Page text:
The Crow’s Nest (4 Old West Lake Dr.): A cult-favorite hotspot for creative cocktails and stylish cuisine, traffic jams and long waits. Hang out at the fire pit, sip a mezcal Negroni. When you’re eventually seated, share the meze platter, local fluke and yellowfin tuna crudi. Slather freshly whipped ricotta, treated with local honey, bee pollen and pink peppercorns, onto grilled ciabatta. Spend on local striped bass with hemp, coriander and red quinoa, accented with harissa and honey. Maybe end with gelato. More info: 631-668-2077, crowsnestmtk.com
La Fin Kitchen & Lounge (474 W. Lake Dr.): This French-focused eatery, which opened last summer, is heading into its second season with the same dramatic Montauk Harbor views and stylish, health-conscious food and drink, created by chef Chris Brandt (he’s also the culinary director of Organic Krush). The seasonal fare starts with a “Recovery Brunch” (think crab-and-watermelon salad or lobster eggs Benedict) before moving on to a dinner spread that might include local fluke with lemon and lentils, pan-seared scallops with a corn-tomato salad or a grass-fed ribeye for two. The wine list has plenty of rose, DJs contribute to the ambience, and zero-alcohol cocktails fuel sober revelry (though there’s plenty of spirits, too). More info: 631-668-8344, lafinkitchen.com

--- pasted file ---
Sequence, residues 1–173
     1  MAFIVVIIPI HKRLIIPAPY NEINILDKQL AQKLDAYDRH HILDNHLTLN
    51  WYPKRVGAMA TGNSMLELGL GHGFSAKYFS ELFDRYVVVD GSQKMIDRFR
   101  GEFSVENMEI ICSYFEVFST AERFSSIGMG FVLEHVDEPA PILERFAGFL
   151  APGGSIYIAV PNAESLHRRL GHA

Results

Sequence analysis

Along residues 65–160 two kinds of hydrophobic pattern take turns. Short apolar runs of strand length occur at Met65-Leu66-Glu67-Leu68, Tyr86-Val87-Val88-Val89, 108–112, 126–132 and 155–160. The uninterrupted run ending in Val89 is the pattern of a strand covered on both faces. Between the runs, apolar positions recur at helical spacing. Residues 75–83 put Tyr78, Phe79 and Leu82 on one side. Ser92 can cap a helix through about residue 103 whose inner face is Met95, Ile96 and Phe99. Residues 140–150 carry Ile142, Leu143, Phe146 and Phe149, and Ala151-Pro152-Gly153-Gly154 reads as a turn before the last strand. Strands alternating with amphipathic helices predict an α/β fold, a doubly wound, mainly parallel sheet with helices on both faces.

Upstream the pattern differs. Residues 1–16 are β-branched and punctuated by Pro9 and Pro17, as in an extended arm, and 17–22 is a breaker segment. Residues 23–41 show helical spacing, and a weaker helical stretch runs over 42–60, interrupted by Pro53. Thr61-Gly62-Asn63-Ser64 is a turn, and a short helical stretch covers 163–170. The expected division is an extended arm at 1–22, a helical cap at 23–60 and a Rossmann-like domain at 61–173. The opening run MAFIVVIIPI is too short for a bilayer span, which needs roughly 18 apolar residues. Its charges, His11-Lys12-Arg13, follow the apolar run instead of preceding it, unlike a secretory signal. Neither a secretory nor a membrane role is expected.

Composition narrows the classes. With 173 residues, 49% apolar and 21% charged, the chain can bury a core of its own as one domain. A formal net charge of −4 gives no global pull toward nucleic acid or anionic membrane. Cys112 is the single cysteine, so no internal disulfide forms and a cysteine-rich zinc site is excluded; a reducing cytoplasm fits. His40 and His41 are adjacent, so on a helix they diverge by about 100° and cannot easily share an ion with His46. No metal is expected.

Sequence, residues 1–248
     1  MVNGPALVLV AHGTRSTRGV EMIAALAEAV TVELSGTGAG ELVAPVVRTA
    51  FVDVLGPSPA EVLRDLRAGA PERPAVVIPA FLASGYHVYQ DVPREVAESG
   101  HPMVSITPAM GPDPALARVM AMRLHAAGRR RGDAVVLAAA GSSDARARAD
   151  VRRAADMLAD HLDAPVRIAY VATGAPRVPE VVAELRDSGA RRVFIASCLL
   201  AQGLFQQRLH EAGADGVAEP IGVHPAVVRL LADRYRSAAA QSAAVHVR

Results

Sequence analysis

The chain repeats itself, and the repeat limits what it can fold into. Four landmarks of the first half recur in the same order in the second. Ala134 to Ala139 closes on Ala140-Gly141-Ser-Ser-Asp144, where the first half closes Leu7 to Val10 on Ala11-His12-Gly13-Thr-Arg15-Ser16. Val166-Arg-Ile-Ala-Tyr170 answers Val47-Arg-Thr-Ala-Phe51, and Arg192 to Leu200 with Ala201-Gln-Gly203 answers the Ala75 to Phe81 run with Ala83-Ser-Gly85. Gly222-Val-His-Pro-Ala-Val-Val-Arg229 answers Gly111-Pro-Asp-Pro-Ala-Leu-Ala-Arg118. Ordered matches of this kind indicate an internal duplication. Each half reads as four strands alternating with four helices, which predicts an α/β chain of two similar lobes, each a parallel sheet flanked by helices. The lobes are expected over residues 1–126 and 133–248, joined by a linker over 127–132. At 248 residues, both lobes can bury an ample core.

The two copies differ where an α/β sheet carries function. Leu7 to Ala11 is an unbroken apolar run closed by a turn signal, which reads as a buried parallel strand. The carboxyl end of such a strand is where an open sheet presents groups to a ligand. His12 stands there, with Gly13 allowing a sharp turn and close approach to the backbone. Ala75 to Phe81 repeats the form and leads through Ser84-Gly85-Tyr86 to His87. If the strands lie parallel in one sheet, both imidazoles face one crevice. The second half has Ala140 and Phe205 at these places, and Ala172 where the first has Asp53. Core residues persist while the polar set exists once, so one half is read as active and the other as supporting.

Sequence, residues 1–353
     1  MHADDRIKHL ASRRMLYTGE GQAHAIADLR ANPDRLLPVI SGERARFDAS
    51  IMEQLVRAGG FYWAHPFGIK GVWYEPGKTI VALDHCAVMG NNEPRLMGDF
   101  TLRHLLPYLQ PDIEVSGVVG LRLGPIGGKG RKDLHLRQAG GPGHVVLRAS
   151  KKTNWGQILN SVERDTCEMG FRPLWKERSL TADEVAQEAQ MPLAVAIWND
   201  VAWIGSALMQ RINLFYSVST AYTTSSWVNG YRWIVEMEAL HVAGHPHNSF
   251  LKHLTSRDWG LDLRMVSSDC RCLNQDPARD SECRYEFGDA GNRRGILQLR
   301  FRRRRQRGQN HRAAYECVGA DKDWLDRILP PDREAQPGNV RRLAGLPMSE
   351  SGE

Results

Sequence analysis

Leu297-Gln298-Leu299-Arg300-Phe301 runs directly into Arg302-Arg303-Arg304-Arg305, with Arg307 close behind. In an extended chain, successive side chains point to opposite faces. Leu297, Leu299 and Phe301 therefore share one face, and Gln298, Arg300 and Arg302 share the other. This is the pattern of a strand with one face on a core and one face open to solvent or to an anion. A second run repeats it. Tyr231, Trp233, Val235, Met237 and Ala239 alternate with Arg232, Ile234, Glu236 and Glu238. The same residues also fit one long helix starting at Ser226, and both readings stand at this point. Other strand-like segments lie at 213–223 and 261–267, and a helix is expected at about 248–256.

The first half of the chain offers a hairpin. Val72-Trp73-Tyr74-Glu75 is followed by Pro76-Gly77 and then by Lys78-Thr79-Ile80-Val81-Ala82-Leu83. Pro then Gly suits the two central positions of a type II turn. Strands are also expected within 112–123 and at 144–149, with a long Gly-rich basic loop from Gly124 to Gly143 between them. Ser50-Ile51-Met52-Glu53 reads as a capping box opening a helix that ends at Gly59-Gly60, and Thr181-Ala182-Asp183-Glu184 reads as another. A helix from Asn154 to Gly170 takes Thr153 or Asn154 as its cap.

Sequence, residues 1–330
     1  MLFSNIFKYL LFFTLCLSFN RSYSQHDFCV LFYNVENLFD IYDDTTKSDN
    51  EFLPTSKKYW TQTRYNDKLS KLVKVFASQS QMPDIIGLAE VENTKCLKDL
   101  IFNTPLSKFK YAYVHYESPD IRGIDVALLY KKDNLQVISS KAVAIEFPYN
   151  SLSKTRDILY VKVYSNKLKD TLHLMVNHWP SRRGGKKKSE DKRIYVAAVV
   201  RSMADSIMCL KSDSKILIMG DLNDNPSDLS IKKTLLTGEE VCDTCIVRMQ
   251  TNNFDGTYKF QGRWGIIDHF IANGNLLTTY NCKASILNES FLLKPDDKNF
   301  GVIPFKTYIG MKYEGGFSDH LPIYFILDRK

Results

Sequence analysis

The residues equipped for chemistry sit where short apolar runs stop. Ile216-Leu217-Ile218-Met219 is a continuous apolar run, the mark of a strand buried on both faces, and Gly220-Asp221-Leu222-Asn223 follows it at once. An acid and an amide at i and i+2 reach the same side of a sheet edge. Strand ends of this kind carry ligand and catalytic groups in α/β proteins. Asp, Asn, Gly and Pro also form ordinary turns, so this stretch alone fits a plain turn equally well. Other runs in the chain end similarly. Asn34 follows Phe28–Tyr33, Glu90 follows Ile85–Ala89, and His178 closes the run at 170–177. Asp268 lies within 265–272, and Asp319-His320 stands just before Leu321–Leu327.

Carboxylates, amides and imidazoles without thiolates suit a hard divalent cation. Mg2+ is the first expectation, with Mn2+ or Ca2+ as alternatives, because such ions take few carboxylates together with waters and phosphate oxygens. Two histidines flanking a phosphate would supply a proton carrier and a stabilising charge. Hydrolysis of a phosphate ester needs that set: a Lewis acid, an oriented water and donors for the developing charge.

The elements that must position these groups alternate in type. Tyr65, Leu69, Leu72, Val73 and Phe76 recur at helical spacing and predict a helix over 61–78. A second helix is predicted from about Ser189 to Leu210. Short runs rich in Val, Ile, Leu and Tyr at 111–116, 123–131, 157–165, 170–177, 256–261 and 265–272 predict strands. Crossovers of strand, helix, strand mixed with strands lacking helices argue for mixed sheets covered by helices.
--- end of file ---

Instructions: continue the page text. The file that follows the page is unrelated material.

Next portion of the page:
Mostrador Marram (21 Oceanview Terrace): The rooms may be pure swank and booked long in advance, but one way to hang out at this elegant, laid-back resort is to drop in for breakfast (think pain au chocolat and coffee), lunch or drinks at the outdoor bar. A walk-up counter hosts a rotation of salads and small plates, such as spring-pea salad and lobster rolls. Dinner offers enchanted beachside dining and fresh local seafood — but booking is essential. More info: 631-668-2050, marrammontauk.com/dine
Former restaurant critic Peter Giannotti contributed to this story.